By Harold Jepsen
Apr 04, 2015

Gotta Go! Lessons From a 350 Pound Fencepost

National Jamboree and Tour Experience                                       Unit 26, Alpine District


JamboAPr1On the ninth day of the 2013 National Jamboree, our troop joined the Jamboree ranks to do our “Good Turn.” As part of the Jamboree Tour and Experience, we participated in the collective force of 40,000 Scouts giving 300,000 hours of community service across nine counties in West Virginia.

While being transported out of our Jamboree home, The Summit Bechtel Reserve Scout base, we learned our helping hands would be put to work in the small town high school of Shady Springs, WV. As we got off the bus, our troop of 40 was greeted by the maintenance staff who were eager to put us to work—cleaning the grounds and athletic fields of debris and trash, moving classroom furniture for floor refinishing, and stacking materials from a recently torn down fence took us to the noon hour. Getting out of the muggy heat and sun, we secured shade under the trees to eat lunch and look to our next assignment. We would be removing 58 steel fence posts from an abandoned practice field.

JamboApr2With 40 scouts and by simple math, we thought removing those posts would be a snap. About a post and a half per person and we’d be done. Little did we know what lurked at the buried end of those posts. About three feet of concrete, weighing roughly 350 pounds each. Whoever installed those posts wanted them to stay, and now our job was to remove them. On the first couple of posts we pick axed, we dug, we shook, we pulled, we did just about everything we could to extricate them. A sizable job for any man sized Scout, it was near impossible for our younger Scouts to tackle.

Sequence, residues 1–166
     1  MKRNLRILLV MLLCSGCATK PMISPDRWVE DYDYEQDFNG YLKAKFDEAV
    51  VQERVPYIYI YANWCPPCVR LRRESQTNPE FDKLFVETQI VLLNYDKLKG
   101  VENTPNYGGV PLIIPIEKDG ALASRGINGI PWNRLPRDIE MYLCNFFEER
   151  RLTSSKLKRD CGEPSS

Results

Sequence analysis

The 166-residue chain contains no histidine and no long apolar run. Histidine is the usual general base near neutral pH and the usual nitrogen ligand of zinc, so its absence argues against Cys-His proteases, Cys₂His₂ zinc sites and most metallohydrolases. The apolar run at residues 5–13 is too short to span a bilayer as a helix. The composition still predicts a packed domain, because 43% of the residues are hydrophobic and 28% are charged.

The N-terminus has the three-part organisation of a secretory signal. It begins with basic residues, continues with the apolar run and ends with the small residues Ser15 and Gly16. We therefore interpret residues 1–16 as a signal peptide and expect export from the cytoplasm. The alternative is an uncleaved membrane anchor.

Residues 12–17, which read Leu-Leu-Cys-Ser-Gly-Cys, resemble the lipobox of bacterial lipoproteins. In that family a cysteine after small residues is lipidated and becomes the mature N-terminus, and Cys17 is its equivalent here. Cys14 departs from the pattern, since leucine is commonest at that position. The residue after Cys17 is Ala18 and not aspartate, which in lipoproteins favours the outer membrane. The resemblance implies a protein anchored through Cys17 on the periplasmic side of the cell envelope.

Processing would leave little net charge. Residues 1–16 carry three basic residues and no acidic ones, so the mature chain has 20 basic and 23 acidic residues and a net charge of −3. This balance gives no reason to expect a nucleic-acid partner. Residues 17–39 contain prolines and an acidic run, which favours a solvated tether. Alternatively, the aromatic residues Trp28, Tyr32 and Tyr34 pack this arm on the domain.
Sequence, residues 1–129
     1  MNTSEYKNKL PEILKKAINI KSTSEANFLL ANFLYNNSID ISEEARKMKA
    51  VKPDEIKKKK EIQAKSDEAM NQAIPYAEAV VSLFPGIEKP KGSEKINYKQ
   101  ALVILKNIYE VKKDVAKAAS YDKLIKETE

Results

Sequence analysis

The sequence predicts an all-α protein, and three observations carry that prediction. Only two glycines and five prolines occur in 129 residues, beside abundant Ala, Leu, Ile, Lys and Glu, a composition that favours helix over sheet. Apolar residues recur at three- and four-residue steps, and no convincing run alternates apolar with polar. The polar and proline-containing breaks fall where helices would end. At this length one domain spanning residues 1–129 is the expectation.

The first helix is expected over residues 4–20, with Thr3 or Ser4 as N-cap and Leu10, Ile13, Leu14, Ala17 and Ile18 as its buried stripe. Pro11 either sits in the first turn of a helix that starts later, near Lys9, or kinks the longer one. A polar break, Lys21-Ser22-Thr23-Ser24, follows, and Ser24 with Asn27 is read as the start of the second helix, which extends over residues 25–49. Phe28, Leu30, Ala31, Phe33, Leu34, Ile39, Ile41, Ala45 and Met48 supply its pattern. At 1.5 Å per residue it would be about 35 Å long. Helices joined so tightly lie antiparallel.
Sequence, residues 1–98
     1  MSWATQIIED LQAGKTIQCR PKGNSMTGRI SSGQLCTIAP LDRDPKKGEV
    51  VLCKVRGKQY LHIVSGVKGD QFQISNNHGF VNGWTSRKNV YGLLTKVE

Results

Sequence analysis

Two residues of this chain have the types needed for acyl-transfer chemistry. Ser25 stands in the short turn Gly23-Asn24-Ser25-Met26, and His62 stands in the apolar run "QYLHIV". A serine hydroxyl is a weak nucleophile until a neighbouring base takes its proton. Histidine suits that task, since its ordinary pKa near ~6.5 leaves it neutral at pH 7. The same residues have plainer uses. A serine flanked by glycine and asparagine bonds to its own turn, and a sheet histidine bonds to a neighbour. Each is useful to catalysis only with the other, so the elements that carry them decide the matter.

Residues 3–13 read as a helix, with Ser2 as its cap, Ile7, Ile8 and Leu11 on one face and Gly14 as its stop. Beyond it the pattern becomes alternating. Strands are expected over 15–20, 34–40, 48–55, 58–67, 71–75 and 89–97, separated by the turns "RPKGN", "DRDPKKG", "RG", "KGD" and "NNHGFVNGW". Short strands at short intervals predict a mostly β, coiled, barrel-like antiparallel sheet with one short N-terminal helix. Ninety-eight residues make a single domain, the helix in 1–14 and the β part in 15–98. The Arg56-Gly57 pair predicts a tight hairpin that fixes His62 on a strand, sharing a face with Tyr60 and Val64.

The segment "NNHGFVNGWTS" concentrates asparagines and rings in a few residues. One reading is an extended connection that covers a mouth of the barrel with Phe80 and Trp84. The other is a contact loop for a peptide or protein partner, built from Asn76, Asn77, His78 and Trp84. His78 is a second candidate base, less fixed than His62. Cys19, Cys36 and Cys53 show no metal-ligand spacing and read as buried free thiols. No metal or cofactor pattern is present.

JamboAPr3We made little progress and produced a lot of sweat with the first few posts. Then we discovered the principle of the lever and team work. We found that if we could expose some of the concrete, and with 13 to 14 Scouts with steel fence supports as levers, we could pop these heavy footings out in a couple of minutes each. As each of these came free with our collective Scout muscle, everyone would yell in victory. What should have been tiring service turned into a game of team ‘Scout Force’ against stubborn 350 lb posts. We found the secret to topple our Goliath.

Although we put off rock climbing, zip lining, rope courses, and dozens upon dozens of other high adventure activities offered at the Jamboree that day, it was hard to top the satisfaction we felt as we conquered the last of those 58 posts. That day, we learned a lot about service, ourselves, and what we could do as a troop working toward a common purpose.

Who could have guessed what 350 pound fence posts could teach us? Obstacles, sweat, teamwork, fun, they’re just another great service Scouting offers our young men.

In 2017, the Utah National Parks Council will send 600 participants on the National Jamboree and Tour experience. Applications may be submitted at beginning January of 2015. You Gotta Go!

Author: Harold Jepsen | Council 2017 Jamboree Chair
To register or learn more about Jamboree, visit or find us on FaceBook.

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